Summit County firefighters remind residents to check smoke alarms during daylight saving time
Firefighters remind residents to check smoke alarms
Daylight Saving Time ends at 2 a.m. on Sunday, Nov. 5, and with that, Summit County’s three fire departments are encouraging citizens to change their smoke-detector and carbon-monoxide batteries.
“One easy step – putting in fresh batteries – can save lives,” Lake Dillon Fire Chief Jeff Berino said in a news release. “Working smoke alarms cut the risk of dying in a home fire in half.”
Even “hard-wired” smoke detectors that are plugged in to the home’s electrical supply typically have a nine-volt backup battery to keep the detectors operating in case of a power outage.
Firefighters recommend that residents test their alarm’s audible siren, check that all vents on the device are clean and check the manufacture date. Typically, smoke detectors should be replaced every 10 years, and carbon-monoxide detectors should be replaced every five years.
Both smoke and carbon-monoxide detectors should be placed on every level of the home as well as inside every bedroom. Follow the manufacturer’s instructions for proper installation.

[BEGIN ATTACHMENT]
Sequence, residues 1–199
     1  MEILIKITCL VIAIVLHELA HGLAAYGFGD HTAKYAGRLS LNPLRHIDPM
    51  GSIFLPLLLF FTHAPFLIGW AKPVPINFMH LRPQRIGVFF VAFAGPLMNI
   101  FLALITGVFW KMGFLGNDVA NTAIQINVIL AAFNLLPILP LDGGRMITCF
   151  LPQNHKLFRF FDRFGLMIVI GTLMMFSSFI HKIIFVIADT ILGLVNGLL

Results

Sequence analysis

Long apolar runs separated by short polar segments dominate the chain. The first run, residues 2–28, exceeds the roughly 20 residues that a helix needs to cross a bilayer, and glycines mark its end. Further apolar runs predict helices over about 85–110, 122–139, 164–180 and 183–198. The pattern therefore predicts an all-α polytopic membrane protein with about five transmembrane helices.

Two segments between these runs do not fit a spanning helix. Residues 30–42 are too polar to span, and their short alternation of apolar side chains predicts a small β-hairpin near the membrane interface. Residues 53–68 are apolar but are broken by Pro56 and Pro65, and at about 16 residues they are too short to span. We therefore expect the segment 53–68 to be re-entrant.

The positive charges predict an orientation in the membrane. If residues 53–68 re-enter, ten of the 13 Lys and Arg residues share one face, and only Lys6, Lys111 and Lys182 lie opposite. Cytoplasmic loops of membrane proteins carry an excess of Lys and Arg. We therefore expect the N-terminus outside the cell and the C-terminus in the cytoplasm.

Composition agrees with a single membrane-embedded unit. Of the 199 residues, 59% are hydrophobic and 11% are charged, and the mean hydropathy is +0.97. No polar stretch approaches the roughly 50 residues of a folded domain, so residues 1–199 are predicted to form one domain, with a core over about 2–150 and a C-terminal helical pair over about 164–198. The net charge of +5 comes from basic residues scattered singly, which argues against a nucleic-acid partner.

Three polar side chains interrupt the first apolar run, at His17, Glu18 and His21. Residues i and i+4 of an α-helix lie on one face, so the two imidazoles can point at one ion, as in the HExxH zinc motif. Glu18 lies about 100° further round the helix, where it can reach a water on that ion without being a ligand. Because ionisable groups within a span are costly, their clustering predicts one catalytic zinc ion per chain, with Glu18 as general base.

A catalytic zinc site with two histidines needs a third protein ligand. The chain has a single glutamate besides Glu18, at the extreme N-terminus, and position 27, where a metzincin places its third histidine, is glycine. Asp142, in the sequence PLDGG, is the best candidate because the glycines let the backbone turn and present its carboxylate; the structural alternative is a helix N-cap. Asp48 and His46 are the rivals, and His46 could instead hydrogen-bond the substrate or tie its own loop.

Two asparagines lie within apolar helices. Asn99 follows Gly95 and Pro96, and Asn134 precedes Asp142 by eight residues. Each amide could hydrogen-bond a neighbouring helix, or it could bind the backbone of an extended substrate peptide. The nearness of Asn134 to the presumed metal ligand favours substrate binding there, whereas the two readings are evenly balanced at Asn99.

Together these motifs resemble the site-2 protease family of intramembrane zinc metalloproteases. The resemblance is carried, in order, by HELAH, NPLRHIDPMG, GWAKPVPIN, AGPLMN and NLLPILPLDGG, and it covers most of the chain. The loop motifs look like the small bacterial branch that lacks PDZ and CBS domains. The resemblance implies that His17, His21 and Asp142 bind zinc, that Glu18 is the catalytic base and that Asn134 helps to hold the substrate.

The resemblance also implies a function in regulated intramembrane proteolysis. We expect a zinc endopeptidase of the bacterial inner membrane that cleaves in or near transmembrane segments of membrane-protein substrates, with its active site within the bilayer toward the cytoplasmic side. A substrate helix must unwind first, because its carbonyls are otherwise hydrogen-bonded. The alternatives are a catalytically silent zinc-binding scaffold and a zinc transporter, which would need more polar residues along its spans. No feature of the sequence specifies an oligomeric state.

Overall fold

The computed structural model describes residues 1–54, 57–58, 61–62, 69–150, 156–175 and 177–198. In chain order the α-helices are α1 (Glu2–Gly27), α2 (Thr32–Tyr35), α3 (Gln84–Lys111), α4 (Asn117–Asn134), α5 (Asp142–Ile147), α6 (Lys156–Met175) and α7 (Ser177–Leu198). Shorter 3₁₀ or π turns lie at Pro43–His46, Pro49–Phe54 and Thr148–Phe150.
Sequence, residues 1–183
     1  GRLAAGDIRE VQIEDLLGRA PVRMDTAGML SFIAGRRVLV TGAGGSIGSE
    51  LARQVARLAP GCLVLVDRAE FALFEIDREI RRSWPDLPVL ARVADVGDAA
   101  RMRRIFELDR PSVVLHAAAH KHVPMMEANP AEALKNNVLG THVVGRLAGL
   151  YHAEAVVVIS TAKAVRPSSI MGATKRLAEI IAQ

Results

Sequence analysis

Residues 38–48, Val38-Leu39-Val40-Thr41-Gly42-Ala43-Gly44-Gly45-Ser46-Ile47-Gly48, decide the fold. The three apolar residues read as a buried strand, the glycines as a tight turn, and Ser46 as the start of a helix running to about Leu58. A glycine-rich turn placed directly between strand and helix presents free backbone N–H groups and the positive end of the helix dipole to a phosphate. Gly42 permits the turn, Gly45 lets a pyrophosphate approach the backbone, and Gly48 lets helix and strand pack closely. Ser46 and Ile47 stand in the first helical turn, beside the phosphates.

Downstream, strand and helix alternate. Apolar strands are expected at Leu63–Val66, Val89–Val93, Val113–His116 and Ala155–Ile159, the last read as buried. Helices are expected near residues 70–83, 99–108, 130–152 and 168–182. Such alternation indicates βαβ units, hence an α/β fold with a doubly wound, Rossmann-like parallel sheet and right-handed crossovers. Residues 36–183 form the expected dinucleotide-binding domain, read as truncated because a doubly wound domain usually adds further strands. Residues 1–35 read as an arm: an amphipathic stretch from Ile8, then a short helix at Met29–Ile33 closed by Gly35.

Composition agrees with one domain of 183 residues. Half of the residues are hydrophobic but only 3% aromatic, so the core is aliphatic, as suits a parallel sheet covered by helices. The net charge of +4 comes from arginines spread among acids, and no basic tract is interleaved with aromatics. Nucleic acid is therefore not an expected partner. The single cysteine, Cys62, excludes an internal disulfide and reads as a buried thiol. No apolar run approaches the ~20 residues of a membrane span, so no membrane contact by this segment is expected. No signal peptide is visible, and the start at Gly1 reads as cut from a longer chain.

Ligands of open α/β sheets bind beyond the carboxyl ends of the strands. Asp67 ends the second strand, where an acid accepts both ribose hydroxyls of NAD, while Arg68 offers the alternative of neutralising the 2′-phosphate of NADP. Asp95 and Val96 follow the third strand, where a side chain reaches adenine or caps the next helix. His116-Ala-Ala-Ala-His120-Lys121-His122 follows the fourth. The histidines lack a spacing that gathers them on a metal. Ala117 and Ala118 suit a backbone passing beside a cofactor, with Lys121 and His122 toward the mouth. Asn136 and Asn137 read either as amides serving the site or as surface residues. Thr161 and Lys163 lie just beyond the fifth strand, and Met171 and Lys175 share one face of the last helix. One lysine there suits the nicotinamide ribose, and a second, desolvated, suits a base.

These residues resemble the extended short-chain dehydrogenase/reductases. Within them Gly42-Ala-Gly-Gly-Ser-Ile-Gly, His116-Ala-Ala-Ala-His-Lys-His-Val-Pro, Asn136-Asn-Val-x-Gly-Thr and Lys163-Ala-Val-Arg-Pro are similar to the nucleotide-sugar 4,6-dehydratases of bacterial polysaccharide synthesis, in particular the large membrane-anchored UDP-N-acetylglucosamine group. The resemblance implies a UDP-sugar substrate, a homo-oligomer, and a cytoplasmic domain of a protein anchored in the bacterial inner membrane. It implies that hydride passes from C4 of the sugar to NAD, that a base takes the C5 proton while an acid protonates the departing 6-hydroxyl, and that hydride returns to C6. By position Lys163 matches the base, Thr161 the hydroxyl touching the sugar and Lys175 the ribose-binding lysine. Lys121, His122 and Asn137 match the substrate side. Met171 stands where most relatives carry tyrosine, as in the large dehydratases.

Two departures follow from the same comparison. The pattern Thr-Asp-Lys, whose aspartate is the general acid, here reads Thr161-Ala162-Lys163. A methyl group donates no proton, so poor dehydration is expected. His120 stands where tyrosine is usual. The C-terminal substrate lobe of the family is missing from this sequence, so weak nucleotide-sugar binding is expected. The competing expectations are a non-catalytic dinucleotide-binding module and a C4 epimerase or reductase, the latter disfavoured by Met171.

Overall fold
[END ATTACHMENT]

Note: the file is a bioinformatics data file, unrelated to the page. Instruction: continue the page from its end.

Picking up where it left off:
“Smoke-alarm maintenance is a simple, effective way to reduce home fire deaths,” Red, White & Blue Fire Deputy Chief Jay Nelson said in the release. “Smoke detectors have been proven time and again to be the single most important life-saving device in your home.”
Most home fire fatalities occur between 11 p.m. and 7 a.m., when families are often sleeping, and about 66 percent of them occur in homes without working smoke detectors.
In addition to changing smoke and carbon monoxide detectors, Summit County firefighters encourage families to plan and practice a home-escape plan so everyone knows at least two ways out and that everyone knows a designated safe meeting spot to be reunited and ensure everyone is out of a burning home.
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